Rather than going block by block and kicking down doors, which are often booby-trapped, troops may punch holes in the walls of buildings. A new generation of explosives is designed to open a wall, but not to blast through the building, collapse it or hit what lies beyond. Soldiers also may penetrate a building from above, deposited on roofs by ropes slung from helicopters.

AC-130 gunships, which already have been used to fight insurgents in Fallujah, carry cannons and heavy machine guns and are equipped with such sensitive surveillance equipment that crews circling a target can pick out individual adversaries.

The urban terrain of a city like Fallujah makes combat precision much more difficult than in the open battlefield across much of Iraq, the deserts or marshes or rolling grasslands that play to the United States' satellite-guided munitions and laser-focused ordnance.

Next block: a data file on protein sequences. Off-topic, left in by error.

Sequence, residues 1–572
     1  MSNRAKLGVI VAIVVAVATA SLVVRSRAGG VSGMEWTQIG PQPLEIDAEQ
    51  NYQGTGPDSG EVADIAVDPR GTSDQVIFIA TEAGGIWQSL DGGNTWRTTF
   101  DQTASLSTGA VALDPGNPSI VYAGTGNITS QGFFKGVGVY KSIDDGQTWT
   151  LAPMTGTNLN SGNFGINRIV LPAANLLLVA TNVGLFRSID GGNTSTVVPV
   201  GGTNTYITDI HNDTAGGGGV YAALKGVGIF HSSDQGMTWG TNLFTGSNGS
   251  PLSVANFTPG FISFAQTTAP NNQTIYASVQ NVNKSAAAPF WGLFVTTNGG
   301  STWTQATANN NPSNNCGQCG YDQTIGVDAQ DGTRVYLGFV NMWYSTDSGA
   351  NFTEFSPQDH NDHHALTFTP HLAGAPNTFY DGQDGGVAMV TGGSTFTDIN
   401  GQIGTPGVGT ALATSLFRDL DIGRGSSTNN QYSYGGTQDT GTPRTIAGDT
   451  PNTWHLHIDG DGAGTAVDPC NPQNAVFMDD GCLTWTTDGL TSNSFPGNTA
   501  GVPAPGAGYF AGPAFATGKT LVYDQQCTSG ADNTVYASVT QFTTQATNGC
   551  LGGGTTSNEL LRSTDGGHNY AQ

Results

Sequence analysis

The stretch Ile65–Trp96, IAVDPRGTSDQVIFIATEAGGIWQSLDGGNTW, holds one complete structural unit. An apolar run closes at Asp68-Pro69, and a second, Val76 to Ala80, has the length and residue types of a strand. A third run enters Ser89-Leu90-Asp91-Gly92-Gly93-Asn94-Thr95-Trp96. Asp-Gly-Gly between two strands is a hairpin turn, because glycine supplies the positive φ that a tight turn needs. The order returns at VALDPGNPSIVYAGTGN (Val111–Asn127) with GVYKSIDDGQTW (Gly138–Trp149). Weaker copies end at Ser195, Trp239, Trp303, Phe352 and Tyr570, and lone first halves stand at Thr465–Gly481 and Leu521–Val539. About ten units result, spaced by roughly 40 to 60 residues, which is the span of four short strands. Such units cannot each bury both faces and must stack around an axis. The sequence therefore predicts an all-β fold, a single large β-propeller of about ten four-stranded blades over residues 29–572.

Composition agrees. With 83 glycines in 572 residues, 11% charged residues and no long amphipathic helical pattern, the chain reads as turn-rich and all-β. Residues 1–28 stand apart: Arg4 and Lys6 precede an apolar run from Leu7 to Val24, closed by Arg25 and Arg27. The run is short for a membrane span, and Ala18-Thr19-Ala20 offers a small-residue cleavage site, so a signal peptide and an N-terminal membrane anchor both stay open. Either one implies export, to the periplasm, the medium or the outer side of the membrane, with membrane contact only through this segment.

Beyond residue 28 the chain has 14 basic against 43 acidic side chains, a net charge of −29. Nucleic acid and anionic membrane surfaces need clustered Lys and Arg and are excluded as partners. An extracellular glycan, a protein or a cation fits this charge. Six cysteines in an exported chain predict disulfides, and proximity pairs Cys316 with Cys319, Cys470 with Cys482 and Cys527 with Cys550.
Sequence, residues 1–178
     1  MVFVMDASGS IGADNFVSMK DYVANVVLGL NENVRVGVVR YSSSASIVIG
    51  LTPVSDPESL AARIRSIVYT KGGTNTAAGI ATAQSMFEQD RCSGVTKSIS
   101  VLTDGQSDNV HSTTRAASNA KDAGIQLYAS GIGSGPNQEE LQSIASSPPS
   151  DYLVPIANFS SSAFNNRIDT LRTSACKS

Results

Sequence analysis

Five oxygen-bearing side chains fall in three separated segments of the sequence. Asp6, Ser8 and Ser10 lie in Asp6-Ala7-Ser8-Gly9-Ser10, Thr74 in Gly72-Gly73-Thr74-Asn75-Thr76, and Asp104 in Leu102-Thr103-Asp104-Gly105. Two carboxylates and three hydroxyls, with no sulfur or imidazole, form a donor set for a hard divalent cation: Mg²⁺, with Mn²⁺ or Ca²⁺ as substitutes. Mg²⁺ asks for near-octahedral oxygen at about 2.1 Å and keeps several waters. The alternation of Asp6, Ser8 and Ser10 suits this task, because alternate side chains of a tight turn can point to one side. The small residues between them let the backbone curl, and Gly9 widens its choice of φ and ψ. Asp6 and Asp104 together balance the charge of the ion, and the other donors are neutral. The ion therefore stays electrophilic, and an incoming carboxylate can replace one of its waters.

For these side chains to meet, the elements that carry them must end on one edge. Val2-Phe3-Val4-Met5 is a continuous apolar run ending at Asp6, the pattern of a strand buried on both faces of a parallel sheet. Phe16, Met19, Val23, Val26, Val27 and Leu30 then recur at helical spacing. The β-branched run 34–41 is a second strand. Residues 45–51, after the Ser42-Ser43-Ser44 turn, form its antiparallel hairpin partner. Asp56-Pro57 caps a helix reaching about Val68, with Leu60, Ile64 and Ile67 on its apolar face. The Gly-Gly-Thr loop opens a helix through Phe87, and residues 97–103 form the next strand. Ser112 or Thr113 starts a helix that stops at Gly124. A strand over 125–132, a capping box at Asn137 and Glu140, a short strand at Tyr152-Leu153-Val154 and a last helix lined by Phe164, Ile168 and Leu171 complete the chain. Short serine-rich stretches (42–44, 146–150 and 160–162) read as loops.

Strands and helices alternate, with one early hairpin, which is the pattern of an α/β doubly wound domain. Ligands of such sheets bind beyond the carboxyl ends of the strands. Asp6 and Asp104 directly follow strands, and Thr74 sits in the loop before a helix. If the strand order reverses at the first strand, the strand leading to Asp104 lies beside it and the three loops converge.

Urban warfare also tests the individual soldier and small fighting unit, and in particular relies on snap decisions by enlisted riflemen, noncommissioned officers and young officers who are in direct contact with the enemy.

"They take this battle to the enemy," one senior Marine officer at the Pentagon said this weekend. "They are the ones that decide 'go, no go,' to fire or not. The decision is made absolutely instantaneously, and the impact is, well, also instantaneous."

Although the military in Iraq would draw on new technologies and new tactics to dislodge the insurgents from Fallujah, "This is the most difficult of all types of situations you enter in warfare," one senior Pentagon official said this weekend.